¶ 9 We are unable to discern from the record before us whether Harbison error occurred. There is no indication from the colloquy what facts, elements, or crimes Defendant had consented to admitting. Trial counsel's statement that he wanted “to make an admission during the closing,” and the trial court's subsequent question to Defendant if he approved trial counsel “mak[ing] an admission as to one or more elements of the charged offense,” do not reveal whether Defendant consented to all or any of: (1) admitting the entire offense of misdemeanor fleeing to elude arrest with a motor vehicle; (2) admitting some subset of that crime's elements; or (3) admitting the incriminating facts that the jury may have relied upon to elevate the offense to a felony. Thus, there is no indication that he was consenting to or understood the consequences of admitting guilt of a lesser-included offense as opposed to some element or elements that, while essential to misdemeanor and/or felony speeding to elude arrest, nonetheless did not complete either crime.
¶ 10 Two cases cited by the parties demonstrate the difference between the unclear record before us and those that are sufficiently clear to permit review for Harbison error. In State v. Perez, 135 N.C. App. 543, 522 S.E.2d 102 (1999), the defendant was charged with first degree murder. Id. at 545, 522 S.E.2d at 105. At trial, the defendant's counsel informed the trial court that he specifically intended to admit that the defendant caused the victim's death and thus was guilty of a lesser-included offense. Id. at 548, 522 S.E.2d at 106. Then, via colloquy, the trial court confirmed with defendant on at least two occasions that he consented to counsel “telling the jury that you are in fact responsible for the death of the victim ․ [and] that argument to the jury is, in effect, an admission of guilt ․ of some offense[.]” Id. at 548-49, 522 S.E.2d at 107 (emphasis added). Because the record clearly showed that the defendant consented to the specific admission that he killed the victim and thus was guilty of some lesser-included offense of first-degree murder, we were able to conclusively hold that no Harbison error occurred. Id. at 550-52, 522 S.E.2d at 107-08.
¶ 11 Similarly, in State v. Holder, 218 N.C. App. 422, 721 S.E.2d 365 (2012), the defendant's counsel specifically told the trial court he intended to admit guilt to a lesser-included offense, and the trial court asked the defendant on the record if he consented to his counsel “conced[ing] guilt as to some portion of the offenses charge[d].” Id. at 425, 721 S.E.2d at 367 (second alteration in original). That colloquy was sufficient to preclude any Harbison error because:
defense counsel explained to the trial court in defendant's presence that defendant had consented to permitting his counsel to concede to the jury that he was guilty of [a lesser-included offense] ․ [and] [t]he trial court judge spoke directly with defendant to ensure that he understood the consequences of conceding guilt and that he did in fact consent to an admission of guilt to ․ a lesser-included offense of felonious fleeing to elude arrest, as specified by defense counsel at the beginning of the colloquy.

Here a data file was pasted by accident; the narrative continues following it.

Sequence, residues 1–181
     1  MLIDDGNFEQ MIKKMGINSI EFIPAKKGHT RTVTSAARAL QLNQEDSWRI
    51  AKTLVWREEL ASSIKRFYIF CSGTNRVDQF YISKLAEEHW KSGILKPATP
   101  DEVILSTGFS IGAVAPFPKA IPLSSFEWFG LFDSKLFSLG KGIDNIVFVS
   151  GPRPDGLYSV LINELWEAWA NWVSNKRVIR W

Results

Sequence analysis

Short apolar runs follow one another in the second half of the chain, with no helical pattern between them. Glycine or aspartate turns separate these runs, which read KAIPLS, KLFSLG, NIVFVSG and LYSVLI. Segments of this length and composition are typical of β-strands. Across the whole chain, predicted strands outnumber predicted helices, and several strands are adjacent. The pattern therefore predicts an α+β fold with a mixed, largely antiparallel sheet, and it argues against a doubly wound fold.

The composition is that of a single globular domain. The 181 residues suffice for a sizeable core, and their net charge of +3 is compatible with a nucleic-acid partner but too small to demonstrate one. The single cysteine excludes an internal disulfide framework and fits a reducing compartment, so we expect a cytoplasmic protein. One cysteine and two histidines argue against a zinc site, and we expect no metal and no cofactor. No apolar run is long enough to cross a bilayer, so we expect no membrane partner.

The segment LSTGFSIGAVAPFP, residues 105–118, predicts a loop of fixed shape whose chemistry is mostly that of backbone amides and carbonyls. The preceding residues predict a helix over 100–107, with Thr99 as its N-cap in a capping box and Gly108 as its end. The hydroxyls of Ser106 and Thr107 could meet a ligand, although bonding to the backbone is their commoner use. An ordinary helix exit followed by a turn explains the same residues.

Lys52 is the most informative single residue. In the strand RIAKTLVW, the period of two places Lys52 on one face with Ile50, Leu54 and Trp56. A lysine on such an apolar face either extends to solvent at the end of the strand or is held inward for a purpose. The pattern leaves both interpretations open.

Id. at 427, 721 S.E.2d at 368.
¶ 12 The record in this case is unlike those in Perez and Holder. There is no indication that Defendant was consenting to the admission of particular facts or elements that necessarily completed a lesser-included offense as in Perez, 135 N.C. App. at 548-49, 522 S.E.2d at 106-07, nor is there any recorded consent to admitting all elements of misdemeanor fleeing to elude arrest “as specified by defense counsel at the beginning of the colloquy,” in Holder. 218 N.C. App. at 425-27, 721 S.E.2d at 367-68. In other words, we have no indication from the record what element(s) Defendant consented to admitting, and thus cannot determine whether he consented to a concession of guilt to all elements of the lesser-included offense of misdemeanor fleeing to elude arrest with a motor vehicle, some subset thereof, or any element(s) necessary to elevate it to a felony. Because we cannot discern from the cold record whether Defendant's counsel made admissions to the jury beyond the scope of his client's consent, we deny Defendant's petition for writ of certiorari and dismiss the appeal without prejudice to Defendant filing an MAR with the trial court. See State v. Jamerson, 161 N.C. App. 527, 530, 588 S.E.2d 545, 547 (2003) (denying a petition for writ of certiorari and dismissing an appeal without prejudice to filing an MAR).
PETITION FOR WRIT OF CERTIORARI DENIED; APPEAL DISMISSED WITHOUT PREJUDICE TO FILING AN MAR WITH THE TRIAL COURT.
Report per Rule 30(e).
Judges ARROWOOD and HAMPSON concur.
Response sent, thank you
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Docket No: No. COA21-391
Decided: April 05, 2022
Court: Court of Appeals of North Carolina.